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Saving the sanity of poetic titans: Tim Delap as Siegfried Sassoon and Garmon Rhys as Wilfred Owen (credit: Manuel Harlan)

Craiglockhart Hospital in Edinburgh between 1916 and 1919 was a place as expressive of the social and political conflicts of Europe as the Schatzalp sanitorium in Thomas Mann's The Magic Mountain. The home of experimental psychology at a time when Freud's Interpretation of Dreams had only just been translated into English, it housed the shell-shocked, mentally and spiritually destroyed veterans of the trenches who in Pat Barker's masterful Regeneration are "a walking compendium of tics and twitches". Among them were some of the greatest names of 20th-century war poetry.

It is devilishly ambitious to attempt a stage version of Barker's novel, in which great and disturbed minds meet at the peak of the Great War, without reminding us of Hollywood's infamous attempt to conjure up Victorian London: "Hello, Mr Thackeray." "Good day to you, Mr Dickens."

Yet in this absorbing co-production of the Royal & Derngate and the Touring Consortium Theatre Company (James Dacre's first offering as a promising artistic director) we enter a world in which literary grandeur, opportunism and suffering coincide. Siegfried Sassoon (an effortlessly aloof Tim Delap) lounges on his single bed in a raspberry dressing-gown reading poetry during an internal exile engineered by his foxy friend Robert Graves (Christopher Brandon) — a ruse to save Sassoon from a court-martial over his noisy criticism of Britain's conduct of the war. Wilfred Owen (a convincingly nervy Garmon Rhys) seeks something more than friendship and advice from his aquiline mentor. He leaves unrequited but with an improved title for his "Anthem for Dead Youth" (Sassoon wisely recommended "doomed" instead). It is their last meeting before Owen's death at the front in the final days of the fighting.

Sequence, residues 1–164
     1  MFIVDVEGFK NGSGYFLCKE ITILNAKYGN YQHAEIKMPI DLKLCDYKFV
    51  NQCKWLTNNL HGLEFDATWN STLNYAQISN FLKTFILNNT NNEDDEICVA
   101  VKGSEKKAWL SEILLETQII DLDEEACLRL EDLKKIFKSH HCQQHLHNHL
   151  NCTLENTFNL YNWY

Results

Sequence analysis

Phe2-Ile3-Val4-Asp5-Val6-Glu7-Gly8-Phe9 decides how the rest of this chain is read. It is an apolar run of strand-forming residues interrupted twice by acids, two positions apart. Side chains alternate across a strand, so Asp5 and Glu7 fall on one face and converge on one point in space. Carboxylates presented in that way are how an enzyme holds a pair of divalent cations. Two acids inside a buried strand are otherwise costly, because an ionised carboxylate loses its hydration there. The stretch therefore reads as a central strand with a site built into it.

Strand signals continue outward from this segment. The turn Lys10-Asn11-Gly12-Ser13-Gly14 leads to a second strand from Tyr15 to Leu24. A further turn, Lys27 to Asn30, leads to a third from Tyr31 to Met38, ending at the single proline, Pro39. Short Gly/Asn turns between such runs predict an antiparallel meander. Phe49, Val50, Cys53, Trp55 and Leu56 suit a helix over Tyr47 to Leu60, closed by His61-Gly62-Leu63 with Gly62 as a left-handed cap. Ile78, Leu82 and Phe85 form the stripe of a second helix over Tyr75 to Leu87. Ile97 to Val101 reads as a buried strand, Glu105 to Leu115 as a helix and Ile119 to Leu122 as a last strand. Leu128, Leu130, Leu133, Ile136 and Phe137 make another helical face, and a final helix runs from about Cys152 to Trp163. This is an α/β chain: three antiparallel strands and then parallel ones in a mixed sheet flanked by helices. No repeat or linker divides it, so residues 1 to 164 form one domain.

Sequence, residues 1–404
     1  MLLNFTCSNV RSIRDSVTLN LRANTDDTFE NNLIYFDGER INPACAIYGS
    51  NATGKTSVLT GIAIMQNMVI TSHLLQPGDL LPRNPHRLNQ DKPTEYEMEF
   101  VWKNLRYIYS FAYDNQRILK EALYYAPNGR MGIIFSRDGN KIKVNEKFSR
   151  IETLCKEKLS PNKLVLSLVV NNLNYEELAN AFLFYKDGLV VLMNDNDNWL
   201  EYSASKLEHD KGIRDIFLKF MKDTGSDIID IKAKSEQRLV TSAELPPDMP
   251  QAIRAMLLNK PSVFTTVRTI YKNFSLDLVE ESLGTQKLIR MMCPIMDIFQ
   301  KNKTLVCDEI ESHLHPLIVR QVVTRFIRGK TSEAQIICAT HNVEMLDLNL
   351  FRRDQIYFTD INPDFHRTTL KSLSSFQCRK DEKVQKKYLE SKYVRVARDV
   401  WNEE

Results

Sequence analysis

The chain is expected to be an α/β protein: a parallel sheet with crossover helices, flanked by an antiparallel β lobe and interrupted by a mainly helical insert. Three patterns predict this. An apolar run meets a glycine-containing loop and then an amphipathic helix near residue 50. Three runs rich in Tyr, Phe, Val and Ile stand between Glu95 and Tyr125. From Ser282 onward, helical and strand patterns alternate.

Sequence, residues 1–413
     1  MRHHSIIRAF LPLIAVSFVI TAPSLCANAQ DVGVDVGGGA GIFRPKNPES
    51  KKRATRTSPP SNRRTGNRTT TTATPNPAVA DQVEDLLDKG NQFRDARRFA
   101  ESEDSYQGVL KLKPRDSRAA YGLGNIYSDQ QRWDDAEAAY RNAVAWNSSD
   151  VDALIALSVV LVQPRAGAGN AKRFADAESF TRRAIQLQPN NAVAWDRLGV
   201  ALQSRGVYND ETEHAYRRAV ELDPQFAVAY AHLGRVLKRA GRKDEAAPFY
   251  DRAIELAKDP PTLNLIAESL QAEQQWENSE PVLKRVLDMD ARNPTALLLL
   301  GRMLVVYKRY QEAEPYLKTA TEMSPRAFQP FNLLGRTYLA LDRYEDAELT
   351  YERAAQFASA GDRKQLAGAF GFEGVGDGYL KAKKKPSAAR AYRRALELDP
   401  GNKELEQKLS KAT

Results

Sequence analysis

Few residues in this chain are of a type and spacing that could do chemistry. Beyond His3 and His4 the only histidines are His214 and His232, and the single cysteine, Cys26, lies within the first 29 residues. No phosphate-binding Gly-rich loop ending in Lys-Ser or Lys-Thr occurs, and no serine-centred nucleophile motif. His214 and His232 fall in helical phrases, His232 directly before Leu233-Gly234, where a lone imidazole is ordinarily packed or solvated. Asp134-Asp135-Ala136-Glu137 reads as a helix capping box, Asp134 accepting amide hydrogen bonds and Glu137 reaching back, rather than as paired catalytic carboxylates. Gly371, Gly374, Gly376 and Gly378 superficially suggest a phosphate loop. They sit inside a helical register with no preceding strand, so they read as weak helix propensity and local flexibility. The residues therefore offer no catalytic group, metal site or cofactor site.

The hardest portrayal to sustain among these poetic titans is the psychiatrist W.H.R. Rivers (Stephen Boxer), struggling with the paradoxes of saving men's sanity only to send them back to the front which has shattered them and will take the lives of many more of the country's most talented young men before the Armistice. Rivers is an evasive, shifting figure in the novel — and not wholly likeable. The compression of a two-hour play renders him as a more affable, almost breezy presence.

When I talked to Barker before the production, she suggested that the difficulty of putting her best-known work on stage would lie in reflecting that it was "a character in itself with different day and night-time identities". That aim is only partly achieved — a simple set underplays the crenellated interior of the old hydropathic hospital and its projection of absolute Victorian confidence. The contrast with the nightmares and breakdowns suffered by its patients is why Craiglockhart, like Mann's Davos, is more than just a period-piece location. At least the Derngate's vast vertical stage (those late-Victorian theatre designers did not worry much about energy costs) reflects the scale and grandeur of Rivers's humane, intelligent dealings with disturbed minds and tormented souls.
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